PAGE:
Many of you may remember that I love to watch nature documentaries. A few weeks ago I watched a video on the Serengeti, which is located in the African country of Tanzania.
The Serengeti maintains herds of over a million wildebeests among a multitude of other animals. Even the greatest predators find it a struggle to stay alive during the dry season, which can last for up to half a year.  They follow any source of water to find nourishment from the grasslands. The dry, seemingly barren land looks destitute until the season begins to shift.
It is called the great migration, the changing of the seasons, or the time of the great rain.
When the animals sense rain is coming, they begin a journey of hundreds of miles—it is called the great migration.
What once was a barren land turns into a lush paradise overnight. A single rainfall can turn the desert into a paradise. What once was empty of migratory animals now holds a copious number of herds, pride of lions, and flocks of birds.


In yesterday’s devotion we discussed the drought Israel endured for 3.5 years (James 5:17-18) due to their unfaithfulness to the One true God.
After years without rain, the time came when Elijah says to Ahab, “Get thee up, eat and drink; for there is a sound of abundance of rain (1 Kings 18:41).”
You may be in a place of barrenness, in a season of drought, and everywhere you look it may seem destitute and deserted. Regardless of what you see in the natural realm, what does the Spirit say to the dryness of your soul?
My husband and I pastor in Silver Spring, Maryland, and in prayer, I saw Silver Spring, dry and barren. I saw people’s lives, destitute of hope. And then I saw rain falling, beginning to nourish the parched soul.
And, today, I believe that God can shift the seasons in your life. DO YOU HEAR THE SOUND OF ABUNDANCE OF RAIN?
If you need a spiritual refreshing today, speak out loud, “I hear the sound of abundance of rain.”
• In the hospital, I hear the sound of abundance of rain.
• In the middle of my circumstance, I hear the sound abundance of rain.
• In the middle of my depression, I hear the sound abundance of rain.
• In the middle of the driest season of my life, I hear the sound of abundance of rain.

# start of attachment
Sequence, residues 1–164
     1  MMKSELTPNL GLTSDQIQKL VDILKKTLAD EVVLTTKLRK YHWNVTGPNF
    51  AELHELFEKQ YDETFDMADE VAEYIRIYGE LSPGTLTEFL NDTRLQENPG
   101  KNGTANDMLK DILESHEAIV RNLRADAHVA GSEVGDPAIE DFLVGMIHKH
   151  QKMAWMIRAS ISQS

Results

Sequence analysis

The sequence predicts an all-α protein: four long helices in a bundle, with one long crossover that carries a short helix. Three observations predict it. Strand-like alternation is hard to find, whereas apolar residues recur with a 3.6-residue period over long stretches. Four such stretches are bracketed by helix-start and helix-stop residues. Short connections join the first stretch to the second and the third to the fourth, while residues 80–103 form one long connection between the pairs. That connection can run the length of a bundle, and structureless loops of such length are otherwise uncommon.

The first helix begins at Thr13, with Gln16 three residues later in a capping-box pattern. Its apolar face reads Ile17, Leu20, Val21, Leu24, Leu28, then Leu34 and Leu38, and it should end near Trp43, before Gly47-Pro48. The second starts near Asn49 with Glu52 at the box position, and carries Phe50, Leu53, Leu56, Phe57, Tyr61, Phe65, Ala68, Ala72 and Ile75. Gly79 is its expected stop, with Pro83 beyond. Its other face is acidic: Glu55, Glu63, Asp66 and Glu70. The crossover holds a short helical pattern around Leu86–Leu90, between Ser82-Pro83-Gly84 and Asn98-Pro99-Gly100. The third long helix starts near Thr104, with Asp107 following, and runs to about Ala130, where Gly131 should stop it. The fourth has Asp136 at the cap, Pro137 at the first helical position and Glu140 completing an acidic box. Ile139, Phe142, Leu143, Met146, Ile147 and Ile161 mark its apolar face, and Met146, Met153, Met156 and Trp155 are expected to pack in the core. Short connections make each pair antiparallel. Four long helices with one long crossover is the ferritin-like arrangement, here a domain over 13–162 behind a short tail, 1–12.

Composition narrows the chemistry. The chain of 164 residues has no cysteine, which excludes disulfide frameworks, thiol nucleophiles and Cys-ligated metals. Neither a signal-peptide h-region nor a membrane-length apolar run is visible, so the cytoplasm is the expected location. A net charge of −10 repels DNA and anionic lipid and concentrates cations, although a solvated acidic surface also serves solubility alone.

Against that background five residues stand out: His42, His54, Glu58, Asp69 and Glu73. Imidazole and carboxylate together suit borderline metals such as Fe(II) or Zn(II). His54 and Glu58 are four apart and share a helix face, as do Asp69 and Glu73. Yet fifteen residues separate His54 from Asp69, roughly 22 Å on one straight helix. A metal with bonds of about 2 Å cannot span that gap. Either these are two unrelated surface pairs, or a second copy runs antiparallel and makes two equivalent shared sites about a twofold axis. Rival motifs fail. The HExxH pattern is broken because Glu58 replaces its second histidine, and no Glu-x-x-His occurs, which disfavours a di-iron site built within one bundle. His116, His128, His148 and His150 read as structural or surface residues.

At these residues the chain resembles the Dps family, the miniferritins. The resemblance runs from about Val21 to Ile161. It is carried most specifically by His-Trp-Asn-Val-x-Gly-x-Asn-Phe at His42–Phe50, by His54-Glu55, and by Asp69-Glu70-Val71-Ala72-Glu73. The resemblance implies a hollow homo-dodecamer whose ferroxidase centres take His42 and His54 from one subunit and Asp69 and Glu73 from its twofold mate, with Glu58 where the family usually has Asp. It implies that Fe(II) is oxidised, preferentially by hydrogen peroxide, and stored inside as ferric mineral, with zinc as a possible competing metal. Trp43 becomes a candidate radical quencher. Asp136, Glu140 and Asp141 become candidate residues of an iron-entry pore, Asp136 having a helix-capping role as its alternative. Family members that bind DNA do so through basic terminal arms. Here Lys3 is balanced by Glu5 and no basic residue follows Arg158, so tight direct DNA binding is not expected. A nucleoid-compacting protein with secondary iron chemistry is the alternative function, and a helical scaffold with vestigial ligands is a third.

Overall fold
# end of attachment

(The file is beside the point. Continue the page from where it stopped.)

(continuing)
Elijah told his servant in 1 Kings 18:43, “Go up now, look toward the sea. And he went up, and looked, and said, There is nothing. And he (Elijah) said, Go again seven times.”
Are you going to listen to the voice of doubt in your life that says, “There is nothing. There is no rain coming. You’re going to be in this drought forever?”—OR—are you going to listen to the spirit that is saying “rain is coming?”
• Can you be faithful when it looks impossible?
• Will you be steadfast when your natural eyes do not see the situation changing?
• Are you going to allow doubt to be more powerful than faith?
• Will you speak with me, “I HEAR THE SOUND OF ABUNDANCE OF RAIN.”
And it came to pass at the seventh time (which is the number of completion), that he said, Behold, there ariseth a little cloud out of the sea, like a man’s hand.” 1 Kings 18:44.

That little cloud contained enough rain to shift the drought into a monsoon. That little cloud changed the season Israel was in.

No season lasts forever.
The paradox of a drought is when you are in the driest and most barren season of your life, there is hope. In the season of drought, you will one day be able to clearly hear the voice of God. In desert places, there is living water for your soul.
• God can make it rain when there’s a disease plaguing your life.
• God can make it rain when your marriage is falling apart.
• God can make it rain after years of dryness, in one moment God can bring a time of refreshing in your life.
I’m ready for rain. I’m ready for God to open the windows of heaven. I’m ready for God to open up the foundations of the deep. I’m ready for the rain to fall on the barren and dry ground.
I hear the sound of abundance of rain.

Angela Overton is a lover of words, nature, and coffee. She is an ordained minister with the UPCI, has a Masters Degree in Theology, and loves to teach Bible studies. She and her amazing husband, Michael, pastor in Silver Spring, Maryland.

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